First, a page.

For Reel

Viridiana (1961)
April 1, 2016, 7:23 pm
Filed under: Reviews | Tags: , ,

Director: Luis Buñuel
5 Stars
ViridianaViridiana is notoriously one of the most radical transgressions in film history. It inspired a famous political cartoon in which Francisco Franco is seen welcoming now renowned auteur Luis Buñuel back to Spain, only for Buñuel to present a package titled Viridiana that blows up in the dictator’s face. And yet, if the film does indeed pose an extreme challenge to organized religion, what is memorable about the picture is not how it challenges institutions per se, but about how it interprets a certain disconnect that happens when the privileged aspire to be virtuous. In one of the film’s most famous images, the eponymous character’s cousin (Francisco Rabal) saves a dog from the cruel fate of being dragged by a wagon, risking strangulation should it not keep up. Few images elicit audience empathy more than animal cruelty, and so this noble act immediately characterizes the cousin as a man of character. Only seconds thereafter, Buñuel upends the whole tone of the scene by focusing on another dog in an identical situation going the other way across the road, our do-gooder oblivious to it. The scene is a perfect summarization of everything the film is about—Viridiana (Silvia Pinal) ultimately fails in her charitable act of bringing together the town’s disenfranchised because of a fundamental misunderstanding of how difficult it is to change one’s nature—but it also allows the audience to participate in Buñuel’s themes. Our momentary satisfaction at the salvation of one animal does nothing in the battle against a way of life in which cruelty to animals is a deep-rooted pattern.

Tristana (1970)
April 21, 2012, 6:35 am
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Director: Luis Buñuel

In many ways the quintessential example of late-period Buñuel, Tristana is an ample showcase of a number of the director’s biggest interests: obsession, sadomasochism, religion, and so on. Set in Toledo, Spain and starring Catherine Deneuve (in her second collaboration with him following Belle de Jour), Tristana is based on a book by heralded Spanish novelist Benito Pérez Galdós. Fernando Rey is Don Lope, an atheist nobleman who falls in love with his adopted daughter (as played by Deneuve) when she reaches her late teens. Soon, she leaves him for a much younger man, only to return years later after she has fallen ill with a tumor that will leave her an amputee. Buñuel’s concern is power – Tristana, an object of Don Lope’s pleasure, eventually seeks vengeance on the man who took her virginity. It is the stuff of preposterous melodrama – and, frankly, it can sometimes be difficult to see it as anything more – but Buñuel is fully in control and, more significantly, entirely self aware. Early in the picture, for example, Don Lope quips that the only way to keep a woman honest is to break her leg so that she cannot leave home. With bitter, hilarious irony, it is the crippled Tristana that is the catalyst for Don Lope’s downfall. Just as the director’s final film, That Obscure Object of Desire, would be, Tristana‘s structure is almost entirely symmetrical – the shifting power dynamic happens roughly half-way into the picture, or at least it is then that Tristana’s youthful exuberance is shown to have been quelled and Don Lope’s demise begins. This sense of inevitability is echoed in the final frames of the film in which Buñuel, as if having pressed rewind, traces back glimpses of key moments in the relationship.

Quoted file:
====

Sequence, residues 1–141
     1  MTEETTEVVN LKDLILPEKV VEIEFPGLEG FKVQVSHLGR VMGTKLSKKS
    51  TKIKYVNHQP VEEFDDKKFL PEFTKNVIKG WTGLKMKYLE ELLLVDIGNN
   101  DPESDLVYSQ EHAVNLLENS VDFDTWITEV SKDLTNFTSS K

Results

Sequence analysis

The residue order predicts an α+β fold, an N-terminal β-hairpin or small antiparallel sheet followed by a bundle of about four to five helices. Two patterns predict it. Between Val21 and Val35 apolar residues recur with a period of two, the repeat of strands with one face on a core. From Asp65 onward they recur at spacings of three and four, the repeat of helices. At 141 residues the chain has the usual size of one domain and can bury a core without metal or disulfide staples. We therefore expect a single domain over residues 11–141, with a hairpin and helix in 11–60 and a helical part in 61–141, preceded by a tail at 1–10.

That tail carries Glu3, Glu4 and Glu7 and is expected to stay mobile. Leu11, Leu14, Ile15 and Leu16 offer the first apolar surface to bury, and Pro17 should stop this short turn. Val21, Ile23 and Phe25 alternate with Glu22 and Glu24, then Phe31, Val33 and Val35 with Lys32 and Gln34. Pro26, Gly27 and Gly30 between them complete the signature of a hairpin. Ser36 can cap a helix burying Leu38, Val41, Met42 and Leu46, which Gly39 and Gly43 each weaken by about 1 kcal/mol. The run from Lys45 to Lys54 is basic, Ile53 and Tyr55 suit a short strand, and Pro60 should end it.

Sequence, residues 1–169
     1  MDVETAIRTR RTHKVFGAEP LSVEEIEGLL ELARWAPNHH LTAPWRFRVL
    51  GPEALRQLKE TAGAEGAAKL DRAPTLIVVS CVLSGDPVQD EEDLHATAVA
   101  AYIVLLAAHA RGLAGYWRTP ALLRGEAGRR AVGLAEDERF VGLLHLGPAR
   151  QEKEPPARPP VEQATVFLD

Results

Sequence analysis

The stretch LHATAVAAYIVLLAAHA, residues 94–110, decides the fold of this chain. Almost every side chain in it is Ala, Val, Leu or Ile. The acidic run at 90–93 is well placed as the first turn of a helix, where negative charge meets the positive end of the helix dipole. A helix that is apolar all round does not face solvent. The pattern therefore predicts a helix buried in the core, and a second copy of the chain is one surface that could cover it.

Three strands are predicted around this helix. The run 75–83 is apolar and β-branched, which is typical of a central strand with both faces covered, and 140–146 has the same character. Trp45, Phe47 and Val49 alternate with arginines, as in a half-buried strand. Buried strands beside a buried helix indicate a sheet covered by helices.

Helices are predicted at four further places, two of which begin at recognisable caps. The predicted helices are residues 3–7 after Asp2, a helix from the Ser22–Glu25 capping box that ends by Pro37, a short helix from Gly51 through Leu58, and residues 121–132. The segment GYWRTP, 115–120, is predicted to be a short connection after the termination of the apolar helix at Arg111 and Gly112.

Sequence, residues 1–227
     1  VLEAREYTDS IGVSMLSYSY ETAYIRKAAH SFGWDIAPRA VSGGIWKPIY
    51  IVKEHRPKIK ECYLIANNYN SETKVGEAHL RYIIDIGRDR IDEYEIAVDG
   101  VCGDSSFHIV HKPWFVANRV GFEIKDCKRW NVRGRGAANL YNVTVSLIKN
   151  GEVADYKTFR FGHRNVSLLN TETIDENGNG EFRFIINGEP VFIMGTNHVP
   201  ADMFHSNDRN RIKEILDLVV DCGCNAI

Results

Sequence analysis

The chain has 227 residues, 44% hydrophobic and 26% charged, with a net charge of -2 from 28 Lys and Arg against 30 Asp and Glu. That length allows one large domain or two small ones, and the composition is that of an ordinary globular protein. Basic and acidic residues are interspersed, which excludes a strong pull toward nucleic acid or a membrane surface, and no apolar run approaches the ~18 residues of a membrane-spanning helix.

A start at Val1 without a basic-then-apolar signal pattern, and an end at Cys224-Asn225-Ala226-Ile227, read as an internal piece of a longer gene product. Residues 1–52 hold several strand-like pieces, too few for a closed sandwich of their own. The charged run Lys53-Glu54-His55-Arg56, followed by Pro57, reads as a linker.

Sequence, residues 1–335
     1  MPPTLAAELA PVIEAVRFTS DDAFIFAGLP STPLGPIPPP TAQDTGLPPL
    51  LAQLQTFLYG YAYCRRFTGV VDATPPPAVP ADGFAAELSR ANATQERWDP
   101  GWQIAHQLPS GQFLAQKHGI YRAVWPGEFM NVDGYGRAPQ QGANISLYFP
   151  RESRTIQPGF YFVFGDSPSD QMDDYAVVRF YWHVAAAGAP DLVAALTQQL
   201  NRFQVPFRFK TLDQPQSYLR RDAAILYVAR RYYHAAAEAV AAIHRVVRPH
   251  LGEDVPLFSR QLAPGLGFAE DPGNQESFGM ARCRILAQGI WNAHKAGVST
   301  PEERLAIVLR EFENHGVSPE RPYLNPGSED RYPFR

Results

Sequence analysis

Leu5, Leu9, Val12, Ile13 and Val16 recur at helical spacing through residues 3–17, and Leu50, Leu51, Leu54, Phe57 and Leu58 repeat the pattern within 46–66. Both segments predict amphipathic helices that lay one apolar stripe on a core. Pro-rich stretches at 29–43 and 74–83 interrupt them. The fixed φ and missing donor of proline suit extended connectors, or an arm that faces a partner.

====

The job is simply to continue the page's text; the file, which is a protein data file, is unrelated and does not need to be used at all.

The Adventures of Robinson Crusoe (1954)
April 21, 2012, 2:38 am
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Director: Luis Buñuel

A fascinating departure in Luis Buñuel’s oeuvre, The Adventures of Robinson Crusoe was the surrealist’s first American-funded film, his first film in color, and the only film that he completed entirely in English. Dan O’Herlihy, Oscar-nominated for the role (eventually losing out to Marlon Brando in On the Waterfront), stars as the titular Crusoe, who finds himself deserted on an island along with only a cat and a dog. Those anticipating the fanciful delusions familiar of Buñuel’s work might find themselves disappointed, however early on there is a remarkable hallucination sequence in which Crusoe glimpses his ever-disapproving father. The specter washes a pig while speaking to Crusoe in a sing-song cadence, and Buñuel’s editors, Carlos Savage and Alberto E. Valenzuela, cut to shots of the father drowning in the sea and a parched Crusoe on a beach in the midst of it. Buñuel’s pictures were not typified merely by their aesthetic values, however, and where it fits into his canon is in the film’s heavy Christian symbology and in the complex moral attitudes that it addresses through the use of a reformed cannibal that Crusoe takes into his custody. For Code-era Hollywood, there is a surprising scene in which Friday, the savage, poses Crusoe logical inquires about the nature of God to which he has no reply. Beyond these pleasures, it’s a well-paced and beautifully-filmed adaptation – filled with golden and green hues by cinematographer Alex Phillips – that successfully brings Daniel Defoe’s novel to the screen without compromising either the source material or Buñuel’s sensibilities as a storyteller.